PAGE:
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Anthony (Vadkovsky) of St. Petersburg

461 bytes added, 22:04, June 27, 2012
Alexander Vasillevich Vadkovsky was born on [[August 3]], 1846 in 1846Tambov. He attended the [[Kazan Theological Academy]], from which he graduated in 1870. After graduation he remained at the academy as a lecturer, inspector, and working as editor of the academy’s journal the “Orthodox Interlocutor” (Pravoslavny Sobesdnik). The sudden death of his wife and two children suddenly changed the course of his life as in 1883 he was [[tonsure]]d a [[monk]] with the name Anthony. As a scholar, and now a monastic, Fr. Anthony contributed greatly to the revival of “learned [[monasticism]]” that had characterized the hierarchy of the Church before the reforms of the 1860s.
In 1885, Fr. Anthony was assigned as inspector at the [[St. Petersburg Theological Academy]], then in 1887, he became the rector. Among the many students Fr. Anthony nurtured during his time at the academy, that were to become prominent churchmen, were [[Sergius I (Stragorodsky) of Moscow|Sergei Sergius (Stragorodsky)]] and [[Anthony (Khrapovitsky) of Kiev|Anthony (Kharpovitsky)]].
In 1887, Fr. Anthony was also [[consecration of a bishop|consecrated]] [[Bishop]] of Vyborg, [[vicar]] of the St. Petersburg [[Diocese]]. In 1892, he was elected [[Archbishop]] of Finland with the formation of Finland as its own diocese. In 1893, Abp. Anthony was appointed to lead the Commission for Old Catholic Affairs. Then in 1898, he was appointed [[Metropolitan]] of St. Petersburg and Ladoga and [[abbot]] of [[Alexander Nevsky Lavra]]. In 1900, Abp. Anthony was named to the [[Apostolic Governing Synod|Holy Synod]], and, as revolutionary activity increased into the new century, Metr. Anthony became involved in the broader struggle of church reform, both in and outside the Church of Russia.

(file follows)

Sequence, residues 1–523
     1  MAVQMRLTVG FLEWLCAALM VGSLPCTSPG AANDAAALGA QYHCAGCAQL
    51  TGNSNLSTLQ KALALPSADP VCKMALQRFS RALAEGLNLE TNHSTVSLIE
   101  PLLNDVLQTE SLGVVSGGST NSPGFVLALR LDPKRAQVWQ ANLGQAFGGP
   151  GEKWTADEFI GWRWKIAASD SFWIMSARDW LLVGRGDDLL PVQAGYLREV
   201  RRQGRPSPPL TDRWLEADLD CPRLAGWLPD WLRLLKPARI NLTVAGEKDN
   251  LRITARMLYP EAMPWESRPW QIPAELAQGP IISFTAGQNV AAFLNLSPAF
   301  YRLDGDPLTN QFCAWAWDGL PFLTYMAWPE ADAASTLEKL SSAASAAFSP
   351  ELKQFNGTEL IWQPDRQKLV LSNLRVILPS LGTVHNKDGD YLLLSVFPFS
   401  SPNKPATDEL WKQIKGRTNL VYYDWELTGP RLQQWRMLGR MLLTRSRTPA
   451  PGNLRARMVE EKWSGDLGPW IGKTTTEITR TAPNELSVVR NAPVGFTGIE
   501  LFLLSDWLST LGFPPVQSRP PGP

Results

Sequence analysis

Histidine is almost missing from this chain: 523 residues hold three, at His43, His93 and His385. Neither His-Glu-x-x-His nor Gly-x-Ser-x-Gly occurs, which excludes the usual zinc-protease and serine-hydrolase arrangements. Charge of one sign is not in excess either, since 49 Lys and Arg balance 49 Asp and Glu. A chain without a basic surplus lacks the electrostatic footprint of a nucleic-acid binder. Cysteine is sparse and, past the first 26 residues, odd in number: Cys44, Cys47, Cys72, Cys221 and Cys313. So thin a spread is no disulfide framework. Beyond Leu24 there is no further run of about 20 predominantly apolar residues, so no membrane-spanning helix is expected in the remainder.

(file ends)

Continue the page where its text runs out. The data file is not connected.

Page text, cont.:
He argued that the act of religious tolerance enacted in 1905 put the Church at a disadvantage to the other faiths and churches that were freed from state control and interference but was not permitted to Orthodoxy. His position was sent to Tsar [[Nicholas II of Russia|Nicholas II]] by the chairman of the Council of Ministers, Sergei Witte, and became the basis for the popular reform movement in the Orthodox Church that resulted in the convening of the [[All-Russian Church Council of 1917-1918|All Russian Local Council]] of 1917. In 1906, Metr. Anthony was appointed the leader of the Pre-Convocation Commission that was instrumental in the preparations for the 1917 council. Fearing that the Church could be drawn into the political maelstrom that was brewing, Metr. Anthony warned the [[clergy]] not to participate in the political parties that were forming in Russia during the early years of the twentieth century.
As a strong proponent of reform in the Church, Metr. Anthony broke with the traditions of succession by seniority in the appointment of clergy to leadership positions of the cathedrals when, in 1912, he appointed the young [[priest]] Fr. Philosoph Ornatsky as the dean of Kazan Cathedral in St. Petersburg.
{{start box}}
before=?Sergius (Serafimov)|
title=Bishop of Vyborg|
years= 1887-1892 |
title=[[List of Archbishops of Finland|Archbishop of Finland]]|
years= 1892-1898 |
after=[[Nicholas (Nalimov)of Vladimir|Nicholas (Nalimov)]]}}
before=Pallady [[Palladius (RaevRayev-Pisarev)of St. Petersburg|Palladius (Rayev-Pisarev)]]|title=[[Eparchy of St. Petersburg|Metropolitan of St. Petersburg and Ladoga]]|
after=[[Vladimir (Bogoyavlensky) of Kiev and Gallich|Vladimir (Bogoyavlensky)]]}}
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==External links==
*[ Christian Pre-revolutionary Renaissance in Russia]
*[ Russian Archbishops Finland 1892 - 1923] In Finnish
[[Category: Bishops]]
[[Category:19th-20th-century bishops]]
[[Category: Bishops of Saint Petersburg]]
[[Category: Kazan Theological Academy Graduate]]

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